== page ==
Judge Blocks Trump’s ‘Fishing Expedition’ To Force NBC To Hand Over Secret Information About Stormy Daniels

Mr. Trump had been seeking to prove ‘collusion’ between NBC and the porn star known as Stormy Daniels to time the release of the documentary as close to his criminal trial as possible to ‘maximize their own financial interests.’

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The adult film star Stormy Daniels, left, and President Trump, right. Getty Images

President Trump suffered another blow as he prepares for his imminent hush-money-trial. The New York state judge, Juan Merchan, who oversees the case, denied Mr. Trump’s request to subpoena NBCUniversal and obtain information about a key witness, the pornographic film star, writer and director Stormy Daniels. 

“Because Defendant’s claims are purely speculative and unsupported, his subpoena and the demands therein are the very definition of a fishing expedition,” the judge wrote in his order on Friday.  

Stormy Daniels, whose real name is Stephanie Clifford, is expected to be a star-witness for the Manhattan district attorney, Alvin Bragg, who is prosecuting Mr. Trump in the first ever criminal trial of a former president in U.S. history, due to begin later this month.   

The case centers on Ms. Clifford’s claim that she had a one-night sexual encounter with Mr. Trump during a golf tournament in Lake Tahoe in July of  2006. She was 27 and he was 60. Four months prior, his third wife, Melania Trump, had given birth to their son, Barron. The former president fiercely denies the extramarital affair.   

Judge Juan Merchan poses for a picture in his chambers in New York, Thursday, March 14, 2024. AP Photo/Seth Wenig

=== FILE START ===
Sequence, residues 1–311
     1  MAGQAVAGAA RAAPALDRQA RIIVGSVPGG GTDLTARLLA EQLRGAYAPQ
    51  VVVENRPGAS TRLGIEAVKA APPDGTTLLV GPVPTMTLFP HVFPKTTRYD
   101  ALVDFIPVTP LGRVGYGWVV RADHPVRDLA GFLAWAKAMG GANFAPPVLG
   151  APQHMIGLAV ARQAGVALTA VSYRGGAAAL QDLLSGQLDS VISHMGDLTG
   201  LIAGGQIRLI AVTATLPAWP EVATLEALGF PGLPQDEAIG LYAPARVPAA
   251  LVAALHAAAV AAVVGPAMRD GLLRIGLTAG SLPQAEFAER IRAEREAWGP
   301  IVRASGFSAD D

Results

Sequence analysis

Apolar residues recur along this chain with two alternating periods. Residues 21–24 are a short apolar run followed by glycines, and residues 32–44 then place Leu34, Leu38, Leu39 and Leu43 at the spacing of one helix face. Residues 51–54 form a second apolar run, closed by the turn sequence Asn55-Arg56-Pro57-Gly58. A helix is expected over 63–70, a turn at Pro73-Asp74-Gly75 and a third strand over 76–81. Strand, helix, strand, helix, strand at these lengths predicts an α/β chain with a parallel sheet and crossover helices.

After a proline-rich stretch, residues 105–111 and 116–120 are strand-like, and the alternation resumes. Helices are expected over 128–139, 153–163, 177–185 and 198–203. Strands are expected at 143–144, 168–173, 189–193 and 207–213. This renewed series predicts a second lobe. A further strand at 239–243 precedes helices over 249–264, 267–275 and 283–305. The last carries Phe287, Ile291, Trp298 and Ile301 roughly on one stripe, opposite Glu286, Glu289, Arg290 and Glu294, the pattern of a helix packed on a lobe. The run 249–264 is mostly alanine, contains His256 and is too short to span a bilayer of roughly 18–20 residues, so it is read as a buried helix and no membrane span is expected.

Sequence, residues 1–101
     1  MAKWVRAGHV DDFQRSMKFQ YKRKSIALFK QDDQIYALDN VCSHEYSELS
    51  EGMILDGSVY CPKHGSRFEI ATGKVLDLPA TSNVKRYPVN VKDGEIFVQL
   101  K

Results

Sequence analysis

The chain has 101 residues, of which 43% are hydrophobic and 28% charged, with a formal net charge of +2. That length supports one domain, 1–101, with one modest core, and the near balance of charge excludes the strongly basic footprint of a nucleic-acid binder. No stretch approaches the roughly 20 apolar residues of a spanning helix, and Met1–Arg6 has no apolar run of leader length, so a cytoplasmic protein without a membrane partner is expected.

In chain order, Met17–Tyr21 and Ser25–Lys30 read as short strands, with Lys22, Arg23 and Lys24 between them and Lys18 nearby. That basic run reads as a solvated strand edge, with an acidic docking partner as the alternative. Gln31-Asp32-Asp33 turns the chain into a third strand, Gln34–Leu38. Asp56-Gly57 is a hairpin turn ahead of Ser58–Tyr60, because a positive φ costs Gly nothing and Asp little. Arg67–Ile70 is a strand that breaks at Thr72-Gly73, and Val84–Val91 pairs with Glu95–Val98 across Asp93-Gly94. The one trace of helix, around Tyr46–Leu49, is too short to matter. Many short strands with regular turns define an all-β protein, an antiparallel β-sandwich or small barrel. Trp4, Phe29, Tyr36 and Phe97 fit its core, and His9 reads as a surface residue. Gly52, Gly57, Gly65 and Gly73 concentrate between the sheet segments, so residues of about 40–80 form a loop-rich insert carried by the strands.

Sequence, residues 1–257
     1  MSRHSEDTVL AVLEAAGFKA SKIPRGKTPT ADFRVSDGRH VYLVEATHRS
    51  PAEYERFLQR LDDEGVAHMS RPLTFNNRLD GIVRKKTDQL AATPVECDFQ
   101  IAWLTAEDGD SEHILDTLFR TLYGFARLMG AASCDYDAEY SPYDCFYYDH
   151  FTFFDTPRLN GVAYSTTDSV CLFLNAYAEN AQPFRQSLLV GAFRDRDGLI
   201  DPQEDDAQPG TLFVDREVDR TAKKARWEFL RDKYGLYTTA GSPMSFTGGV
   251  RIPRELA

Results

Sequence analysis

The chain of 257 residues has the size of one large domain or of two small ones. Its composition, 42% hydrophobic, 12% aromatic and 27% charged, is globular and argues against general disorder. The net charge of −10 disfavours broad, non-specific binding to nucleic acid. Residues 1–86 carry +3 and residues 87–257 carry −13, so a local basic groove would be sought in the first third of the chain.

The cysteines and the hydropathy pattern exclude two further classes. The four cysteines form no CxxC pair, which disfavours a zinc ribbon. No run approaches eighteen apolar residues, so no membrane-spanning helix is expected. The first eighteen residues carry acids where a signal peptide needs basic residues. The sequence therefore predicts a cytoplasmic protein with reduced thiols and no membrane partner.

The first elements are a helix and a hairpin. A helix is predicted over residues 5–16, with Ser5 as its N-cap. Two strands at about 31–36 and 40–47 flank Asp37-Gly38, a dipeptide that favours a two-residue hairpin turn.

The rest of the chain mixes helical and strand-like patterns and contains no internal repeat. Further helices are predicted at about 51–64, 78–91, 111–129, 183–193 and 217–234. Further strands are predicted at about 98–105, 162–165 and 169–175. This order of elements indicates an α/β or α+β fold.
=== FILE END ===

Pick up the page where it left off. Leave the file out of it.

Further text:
Fast forward to 2016. According to prosecutors, Mr. Trump directed his former lawyer and current nemesis, Michael Cohen, to pay $130,000 to Ms. Clifford, who was shopping around her account of the sexual encounter, so that she would agree to be silent. Prosecutors further allege that Mr. Trump later repaid his debt to Cohen, but fraudulently concealed the reimbursement as legal expenses.   

Cohen pleaded guilty in federal court in 2018 to having orchestrated Ms. Clifford’s payout. He went to federal prison but was eventually released and placed under home confinement. Cohen, who felt abandoned by Mr. Trump at his greatest time of need, turned on his former boss, agreeing to testify against him and publishing a memoir called “Disloyal”. 

It was after his presidency, in 2023, that the Manhattan district attorney indicted Mr. Trump on 34 felony counts of falsifying business records. In order to upgrade to felonies what would normally be misdemeanors, Mr. Bragg pursued an ornate strategy that The New York Times has characterized as “a staple of his office’s white-collar work,” alleging that Mr. Trump committed one crime in order to commit another crime. Unlike in his other cases, though, Mr. Bragg has refrained from revealing what that second secret crime is, giving his attorneys more leeway during the trial.   

If found guilty by a jury, Mr. Trump could face prison time. While legal experts consider prison to be a highly unlikely outcome, because Mr. Trump has no prior convictions, this is an unusual case with an explosive defendant who is deeply unpopular in Manhattan. 

Stephanie Clifford, known as 'Stormy Daniels,' at the New York premier of her documentary, 'Stormy.' Three Dollar Bill, Brooklyn, March 18, 2024.
Stephanie Clifford, known as Stormy Daniels, at the New York premiere of her documentary, ‘Stormy.’ at Three Dollar Bill, Brooklyn, March 18, 2024. A.R. Hoffman/The New York Sun

Mr. Trump pleaded innocent to all charges. He has called the case a political “witch hunt” brought on by his political opponents to stop him from winning the presidency in the up-coming election.  

The trial was initially scheduled to begin on March 25, but the judge granted the parties 30 extra days, after the defense produced an exorbitant amount of documents, mostly related to Cohen, they had received from the prior federal investigation. 

On March 18, exactly one week before the trial’s original start date, NBCUniversal premiered the documentary “Stormy” on the network’s also-ran streaming service, Peacock.

The film, reviewed by the Sun, chronicles Ms. Cliford’s years-long legal battle with Mr. Trump, and how it turned her life upside down. It reveals, from her point of view, how Ms. Clifford experienced a sexual encounter with Mr. Trump that he says never occurred.